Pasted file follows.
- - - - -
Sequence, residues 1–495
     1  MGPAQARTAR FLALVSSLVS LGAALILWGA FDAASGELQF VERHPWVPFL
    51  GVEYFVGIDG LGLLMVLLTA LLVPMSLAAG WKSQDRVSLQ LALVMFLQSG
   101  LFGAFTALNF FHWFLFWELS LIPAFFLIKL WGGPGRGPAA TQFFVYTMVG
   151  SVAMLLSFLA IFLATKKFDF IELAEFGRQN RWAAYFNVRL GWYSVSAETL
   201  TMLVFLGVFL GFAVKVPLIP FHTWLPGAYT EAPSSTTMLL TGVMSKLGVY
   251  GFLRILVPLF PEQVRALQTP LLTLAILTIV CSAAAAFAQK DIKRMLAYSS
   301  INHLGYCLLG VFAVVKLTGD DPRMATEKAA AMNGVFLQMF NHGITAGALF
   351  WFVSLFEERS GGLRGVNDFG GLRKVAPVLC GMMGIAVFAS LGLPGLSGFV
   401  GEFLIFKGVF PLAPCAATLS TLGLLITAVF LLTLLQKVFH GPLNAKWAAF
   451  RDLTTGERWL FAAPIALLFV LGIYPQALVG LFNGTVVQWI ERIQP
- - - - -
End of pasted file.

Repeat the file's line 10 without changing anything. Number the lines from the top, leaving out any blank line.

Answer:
   401  GEFLIFKGVF PLAPCAATLS TLGLLITAVF LLTLLQKVFH GPLNAKWAAF